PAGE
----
APPG Considers Calls for Clearer Work at Height Accident Reporting

THE ALL Party Parliamentary Group (APPG) for Working at Height met this week at the House of Commons to discuss clearer reporting of workplace accidents in a bid to save lives.

While the government was busy in Parliament ensuring votes for its Rwanda Bill, work at height stakeholders considered the sobering number of accidents and fatalities reported in the latest annual Health & Safety Executive (HSE) statistics.

Causes of Workplace Accidents

Meeting on Tuesday 12 December 2023, and led by Alison Thewliss MP, chairing the APPG, the group discussed creating a simplified system of reporting to enable identifying the causes of workplace accidents. Once this information is known, it is hoped that targeted measures can be implemented to prevent falls from height.

A number of stakeholders spoke at the APPG meeting. Stephen Green MP set out the context, pointing out that the Reporting of Injuries, Diseases and Dangerous Occurrences Regulations (RIDDOR) were last updated in 2013.

Sarah Batchelor from the National Farmers Union discussed the difficulties of changing health and safety cultures in the agricultural sector, in which most work at height fatalities occur. She pointed to the unique pressures that tempt farmers to carry out work on fragile roofs, the most common type of fatality in this sector. Sarah spoke about initiatives underway to encourage young farmers to intercede with their elders before going on roofs and to ‘Take five to save lives’, encouraging farmers to review the risks and plan working at height safely.

Luke Collins from UNITE then spoke about the union’s work with employers to cascade safety information to its members.

No Falls Week 13-17 May 2024

Reminding the meeting of what is at stake, Hannah Williams, Charity Manager of the No Falls Foundation spoke of the long lasting, life changing impact a fall can have on the victim and their family. She announced a new initiative called No Falls Week which will take place 13-17 May 2024.

Peter Bennett OBE, the Access Industry Forum Chair, discussed the lack of improvement in the numbers of falls and fatalities from working at height. He noted that the numbers reported in HSE statistics are the tip of a much larger iceberg. HSE’s figures are estimated to account for only 30% of accidents, with self-employed people only reporting an estimated 12% of accidents under RIDDOR.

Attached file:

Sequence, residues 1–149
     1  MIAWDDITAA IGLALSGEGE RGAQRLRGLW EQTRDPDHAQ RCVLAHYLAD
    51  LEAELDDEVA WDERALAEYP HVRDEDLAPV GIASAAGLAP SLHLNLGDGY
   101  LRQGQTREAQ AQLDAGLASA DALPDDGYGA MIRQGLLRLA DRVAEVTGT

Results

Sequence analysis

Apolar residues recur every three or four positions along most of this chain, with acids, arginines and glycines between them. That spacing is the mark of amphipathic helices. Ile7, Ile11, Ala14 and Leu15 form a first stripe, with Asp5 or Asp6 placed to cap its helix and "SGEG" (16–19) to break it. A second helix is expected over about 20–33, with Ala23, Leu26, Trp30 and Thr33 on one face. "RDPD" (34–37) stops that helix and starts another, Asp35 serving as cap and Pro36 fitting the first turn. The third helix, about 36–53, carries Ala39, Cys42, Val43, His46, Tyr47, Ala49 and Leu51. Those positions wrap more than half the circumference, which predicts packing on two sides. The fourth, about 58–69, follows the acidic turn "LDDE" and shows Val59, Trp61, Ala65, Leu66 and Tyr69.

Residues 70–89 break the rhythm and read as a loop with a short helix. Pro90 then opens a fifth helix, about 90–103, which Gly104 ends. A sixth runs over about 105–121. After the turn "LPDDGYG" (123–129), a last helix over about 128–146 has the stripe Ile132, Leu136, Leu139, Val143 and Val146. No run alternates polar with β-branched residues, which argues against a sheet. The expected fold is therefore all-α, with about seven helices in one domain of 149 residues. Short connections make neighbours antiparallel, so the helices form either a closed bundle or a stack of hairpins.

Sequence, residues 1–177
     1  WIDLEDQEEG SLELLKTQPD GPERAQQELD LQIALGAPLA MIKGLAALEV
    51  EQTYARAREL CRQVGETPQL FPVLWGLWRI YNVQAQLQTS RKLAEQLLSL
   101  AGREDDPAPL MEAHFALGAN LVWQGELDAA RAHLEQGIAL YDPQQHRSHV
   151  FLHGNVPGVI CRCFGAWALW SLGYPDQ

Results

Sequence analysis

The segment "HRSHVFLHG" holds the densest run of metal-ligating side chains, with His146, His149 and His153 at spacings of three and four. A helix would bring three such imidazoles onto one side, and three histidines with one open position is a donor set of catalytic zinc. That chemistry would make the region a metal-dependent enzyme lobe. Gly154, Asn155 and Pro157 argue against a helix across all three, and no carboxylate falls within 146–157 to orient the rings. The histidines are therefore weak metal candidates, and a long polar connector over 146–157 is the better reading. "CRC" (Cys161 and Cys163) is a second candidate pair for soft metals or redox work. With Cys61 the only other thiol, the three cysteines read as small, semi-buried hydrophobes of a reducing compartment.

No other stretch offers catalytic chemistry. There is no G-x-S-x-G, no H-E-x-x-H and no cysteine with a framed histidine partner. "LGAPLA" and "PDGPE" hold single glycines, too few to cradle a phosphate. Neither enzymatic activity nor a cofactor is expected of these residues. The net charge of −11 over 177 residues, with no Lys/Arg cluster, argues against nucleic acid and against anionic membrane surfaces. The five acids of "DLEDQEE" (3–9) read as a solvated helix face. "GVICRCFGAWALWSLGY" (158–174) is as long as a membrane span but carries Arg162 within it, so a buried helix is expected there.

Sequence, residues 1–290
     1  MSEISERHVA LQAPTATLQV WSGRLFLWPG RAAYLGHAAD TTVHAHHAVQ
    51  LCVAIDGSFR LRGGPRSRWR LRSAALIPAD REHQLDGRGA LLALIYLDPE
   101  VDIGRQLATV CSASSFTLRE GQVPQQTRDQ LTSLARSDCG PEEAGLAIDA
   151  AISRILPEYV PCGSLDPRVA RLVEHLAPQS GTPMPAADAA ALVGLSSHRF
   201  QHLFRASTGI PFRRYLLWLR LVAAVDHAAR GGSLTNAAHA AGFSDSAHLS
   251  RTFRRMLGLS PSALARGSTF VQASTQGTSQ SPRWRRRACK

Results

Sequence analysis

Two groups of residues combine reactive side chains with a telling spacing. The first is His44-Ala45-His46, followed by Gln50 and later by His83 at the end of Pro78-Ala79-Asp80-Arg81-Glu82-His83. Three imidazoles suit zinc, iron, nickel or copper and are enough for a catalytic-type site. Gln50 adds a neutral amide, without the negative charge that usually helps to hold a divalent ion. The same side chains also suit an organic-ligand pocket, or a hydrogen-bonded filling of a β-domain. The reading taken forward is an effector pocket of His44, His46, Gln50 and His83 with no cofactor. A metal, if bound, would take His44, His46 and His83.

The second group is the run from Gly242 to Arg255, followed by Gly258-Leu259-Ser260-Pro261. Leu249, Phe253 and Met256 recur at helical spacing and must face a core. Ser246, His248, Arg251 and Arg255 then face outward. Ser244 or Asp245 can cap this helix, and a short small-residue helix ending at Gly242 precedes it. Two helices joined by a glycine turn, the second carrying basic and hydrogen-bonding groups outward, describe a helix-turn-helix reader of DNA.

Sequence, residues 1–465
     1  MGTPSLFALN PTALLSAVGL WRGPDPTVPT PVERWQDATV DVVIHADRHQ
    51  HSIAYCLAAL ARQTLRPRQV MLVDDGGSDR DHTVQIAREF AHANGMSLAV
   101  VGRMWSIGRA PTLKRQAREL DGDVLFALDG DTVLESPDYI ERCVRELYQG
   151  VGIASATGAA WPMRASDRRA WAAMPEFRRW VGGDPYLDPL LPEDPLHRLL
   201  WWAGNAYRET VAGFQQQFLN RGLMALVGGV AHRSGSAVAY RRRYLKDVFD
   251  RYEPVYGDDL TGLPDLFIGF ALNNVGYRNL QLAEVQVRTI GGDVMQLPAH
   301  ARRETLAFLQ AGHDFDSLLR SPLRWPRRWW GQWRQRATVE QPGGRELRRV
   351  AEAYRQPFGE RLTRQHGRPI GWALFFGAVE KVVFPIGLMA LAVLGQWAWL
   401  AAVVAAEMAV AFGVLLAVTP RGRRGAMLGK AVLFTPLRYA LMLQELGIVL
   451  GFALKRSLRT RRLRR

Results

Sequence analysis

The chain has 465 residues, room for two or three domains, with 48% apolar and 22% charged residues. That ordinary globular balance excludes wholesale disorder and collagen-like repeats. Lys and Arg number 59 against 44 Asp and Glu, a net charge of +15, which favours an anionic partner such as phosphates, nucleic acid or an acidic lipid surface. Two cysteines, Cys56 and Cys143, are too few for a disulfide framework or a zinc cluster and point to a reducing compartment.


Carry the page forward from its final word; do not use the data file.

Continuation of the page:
Peter’s main point was that very little information is currently provided on the circumstances around both non-fatal and fatal incidents – meaning that it is difficult to put measures in place to make work at height safer.

Clive Dickin, CEO of the National Access and Scaffolding Confederation (NASC) spoke about the important impact digitising TG20 (a set of scaffold design rules) has had on safety in his sector. Combined with using virtual reality for training and controlling access to sites via training certification, Clive argued digitalisation could be pivotal in improving work at height.

Tony Seddon from the Fall Arrest Safety Equipment Training (FASET) relayed the online training successes the association had had, educating a wide variety of people in basic safety processes, from window cleaners to roofers. The association is now focussing on training dutyholders for temporary and suspended access.

Lastly, Steve O’Brian from Lang O’Rourke spoke about how Powered Access Licence (PAL) cards have revolutionised safety on the main contractor’s sites since they were introduced four years ago.

The APPG meeting was followed by a festive drinks reception in the House of Commons Jubilee Room.

>> Read more about working at height in the news

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